World Bank Breaks Promise To Awá Indians
press release, August 2000
World Bank Breaks Promise To Uncontacted Awá Indians
Brazil has violated its own constitution and the World Bank has flouted its Operational Directive by failing to demarcate Awá Indian territory – although funds were made available 18 years ago to do so. This has lead to the deaths of unknown numbers of uncontacted Awá and the destruction of their land. The demarcation has been blocked largely by businessmen and politicians who have large landholdings on Awá land.
Survival has just learned that the money for the Awá demarcation expired on the 30th June 2000, eighteen years after it was given to Brazil as part of a World Bank loan for the development of the Carajás mining project. A condition of this loan was that all Indian territories should be demarcated by the Brazilian authorities. However, the Awá area still has not been demarcated and this hunter gatherer tribe are facing increasing invasion of their land by settlers, ranchers and loggers, making them acutely vulnerable to disease and violence.
Despite having failed to ensure that the Brazilian authorities and mining company CVRD adhered to the conditions of the Carajás Project loan and agreement, the World Bank is preparing to make further loans to the area.
The Awá people are one of the few nomadic hunter gatherer peoples in Brazil. In 1950 their population was estimated at 800. Today they number less than 400, of whom about 150 are uncontacted. Living in mobile groups within the Amazon forest, they hunt game such as tapir and monkeys and gather fruit and nuts. Most of the Awá who have been contacted and live in villages are the survivors of brutal massacres. Attacks on groups of nomadic Awá are common and these survivors relate how Awá have been killed at gunpoint or deliberately poisoned by ranchers and loggers.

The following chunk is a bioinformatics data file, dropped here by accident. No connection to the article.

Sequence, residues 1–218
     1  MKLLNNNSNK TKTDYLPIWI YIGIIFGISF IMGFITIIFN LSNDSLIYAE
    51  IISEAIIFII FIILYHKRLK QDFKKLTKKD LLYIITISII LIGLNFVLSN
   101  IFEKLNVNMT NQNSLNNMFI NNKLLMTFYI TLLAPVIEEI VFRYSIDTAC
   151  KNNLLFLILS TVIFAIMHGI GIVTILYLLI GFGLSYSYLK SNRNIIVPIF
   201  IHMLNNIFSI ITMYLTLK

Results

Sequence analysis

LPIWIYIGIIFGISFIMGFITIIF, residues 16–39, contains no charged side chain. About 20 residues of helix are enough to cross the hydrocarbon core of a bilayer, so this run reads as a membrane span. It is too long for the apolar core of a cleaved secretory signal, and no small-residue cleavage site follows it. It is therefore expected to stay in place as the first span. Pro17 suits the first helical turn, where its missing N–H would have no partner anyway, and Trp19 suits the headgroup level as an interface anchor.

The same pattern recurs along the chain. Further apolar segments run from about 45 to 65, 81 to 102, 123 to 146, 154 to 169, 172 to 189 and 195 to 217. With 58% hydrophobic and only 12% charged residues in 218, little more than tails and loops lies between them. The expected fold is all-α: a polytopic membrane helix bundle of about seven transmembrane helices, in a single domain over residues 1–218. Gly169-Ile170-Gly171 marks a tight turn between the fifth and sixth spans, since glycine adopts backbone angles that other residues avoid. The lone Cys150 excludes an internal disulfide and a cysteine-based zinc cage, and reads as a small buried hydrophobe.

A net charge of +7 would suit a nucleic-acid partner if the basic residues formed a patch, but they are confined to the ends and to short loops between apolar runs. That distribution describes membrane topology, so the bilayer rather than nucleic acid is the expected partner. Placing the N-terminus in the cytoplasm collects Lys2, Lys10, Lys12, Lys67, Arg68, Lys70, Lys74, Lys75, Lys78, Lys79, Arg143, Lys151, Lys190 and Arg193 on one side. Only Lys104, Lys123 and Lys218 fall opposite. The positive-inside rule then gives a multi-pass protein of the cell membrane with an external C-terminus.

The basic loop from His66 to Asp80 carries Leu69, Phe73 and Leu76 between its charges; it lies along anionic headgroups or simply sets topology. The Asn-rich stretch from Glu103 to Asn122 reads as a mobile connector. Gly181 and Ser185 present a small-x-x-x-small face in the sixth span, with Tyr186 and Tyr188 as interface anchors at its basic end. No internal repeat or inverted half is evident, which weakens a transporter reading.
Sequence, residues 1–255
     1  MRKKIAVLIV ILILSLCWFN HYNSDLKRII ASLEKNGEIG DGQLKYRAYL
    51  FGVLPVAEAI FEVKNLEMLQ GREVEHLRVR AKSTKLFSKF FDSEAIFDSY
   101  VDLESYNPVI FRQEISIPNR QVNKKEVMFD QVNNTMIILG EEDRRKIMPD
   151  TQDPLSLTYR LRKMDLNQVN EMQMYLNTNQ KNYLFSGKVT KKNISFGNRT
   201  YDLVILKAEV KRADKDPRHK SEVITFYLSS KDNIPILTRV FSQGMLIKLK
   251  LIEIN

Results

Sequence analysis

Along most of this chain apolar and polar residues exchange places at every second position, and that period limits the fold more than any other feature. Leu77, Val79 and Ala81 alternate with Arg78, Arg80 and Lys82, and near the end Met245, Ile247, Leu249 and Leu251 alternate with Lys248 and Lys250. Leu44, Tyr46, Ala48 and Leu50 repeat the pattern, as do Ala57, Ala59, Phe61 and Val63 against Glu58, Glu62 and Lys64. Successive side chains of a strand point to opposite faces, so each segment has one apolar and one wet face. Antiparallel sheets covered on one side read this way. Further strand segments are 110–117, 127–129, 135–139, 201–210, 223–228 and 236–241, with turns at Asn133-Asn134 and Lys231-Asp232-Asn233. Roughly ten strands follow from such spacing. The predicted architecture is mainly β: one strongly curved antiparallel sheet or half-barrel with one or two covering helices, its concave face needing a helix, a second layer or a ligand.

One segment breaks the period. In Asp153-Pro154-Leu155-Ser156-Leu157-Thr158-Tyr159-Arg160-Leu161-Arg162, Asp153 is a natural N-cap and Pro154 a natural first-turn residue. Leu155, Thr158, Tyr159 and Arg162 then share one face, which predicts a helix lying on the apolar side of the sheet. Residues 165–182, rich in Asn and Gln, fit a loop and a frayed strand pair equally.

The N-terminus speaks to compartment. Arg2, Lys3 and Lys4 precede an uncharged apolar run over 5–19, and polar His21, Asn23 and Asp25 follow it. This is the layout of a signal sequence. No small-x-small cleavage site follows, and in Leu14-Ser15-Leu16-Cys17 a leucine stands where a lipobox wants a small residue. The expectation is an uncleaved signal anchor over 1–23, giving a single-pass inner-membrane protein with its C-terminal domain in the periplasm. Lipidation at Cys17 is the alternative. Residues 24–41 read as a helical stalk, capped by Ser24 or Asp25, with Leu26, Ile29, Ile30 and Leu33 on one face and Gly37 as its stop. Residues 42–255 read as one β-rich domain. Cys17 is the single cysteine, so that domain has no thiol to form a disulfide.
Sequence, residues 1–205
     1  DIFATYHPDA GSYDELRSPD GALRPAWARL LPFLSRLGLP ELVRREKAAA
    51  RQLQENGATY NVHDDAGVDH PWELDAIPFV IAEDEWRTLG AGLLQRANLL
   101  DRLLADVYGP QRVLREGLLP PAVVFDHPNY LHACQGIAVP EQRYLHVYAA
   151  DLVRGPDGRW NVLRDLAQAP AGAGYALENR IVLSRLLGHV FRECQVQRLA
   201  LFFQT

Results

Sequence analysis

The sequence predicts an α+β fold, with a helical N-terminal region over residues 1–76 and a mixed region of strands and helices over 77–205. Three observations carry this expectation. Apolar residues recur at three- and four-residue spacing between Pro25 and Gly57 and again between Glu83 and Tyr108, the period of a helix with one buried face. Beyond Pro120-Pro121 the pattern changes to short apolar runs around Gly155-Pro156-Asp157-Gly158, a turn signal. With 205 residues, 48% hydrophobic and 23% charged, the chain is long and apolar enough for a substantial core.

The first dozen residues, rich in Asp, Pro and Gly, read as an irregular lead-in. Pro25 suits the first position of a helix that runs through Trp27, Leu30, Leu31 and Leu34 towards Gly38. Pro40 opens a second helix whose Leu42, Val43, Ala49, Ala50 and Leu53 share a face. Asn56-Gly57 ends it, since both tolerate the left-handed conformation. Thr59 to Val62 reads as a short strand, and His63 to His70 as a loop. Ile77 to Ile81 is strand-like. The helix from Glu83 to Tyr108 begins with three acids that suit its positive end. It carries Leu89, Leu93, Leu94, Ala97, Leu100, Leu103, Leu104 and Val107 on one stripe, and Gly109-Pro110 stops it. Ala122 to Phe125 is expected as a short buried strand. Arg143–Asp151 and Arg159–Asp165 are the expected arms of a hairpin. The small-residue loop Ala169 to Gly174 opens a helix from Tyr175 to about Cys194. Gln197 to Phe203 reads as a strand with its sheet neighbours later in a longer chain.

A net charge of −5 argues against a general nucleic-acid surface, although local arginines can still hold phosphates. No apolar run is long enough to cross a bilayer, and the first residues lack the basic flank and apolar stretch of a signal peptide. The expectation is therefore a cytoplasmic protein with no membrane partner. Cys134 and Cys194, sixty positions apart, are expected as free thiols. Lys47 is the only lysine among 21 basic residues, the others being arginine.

The World Bank's Operational Directive on
indigenous peoples (para. 15c) clearly states that
recognition of indigenous peoples' land tenure or ownership
rights is a fundamental prerequisite in any project
implementation where indigenous peoples are involved. The
World Bank is currently revising its Indigenous Peoples
Policy. Worryingly, a leaked copy suggests that the new
policy will be substantially weaker.
Survival's director general, Stephen Corry, said, 'It is scandalous that today, as Brazil celebrates the 500th anniversary of the arrival of the Portuguese, the Awá continue to be decimated by the same abuses they have faced for five centuries. In our opinion, if action is not taken urgently, the Awá's survival as a people is in doubt.'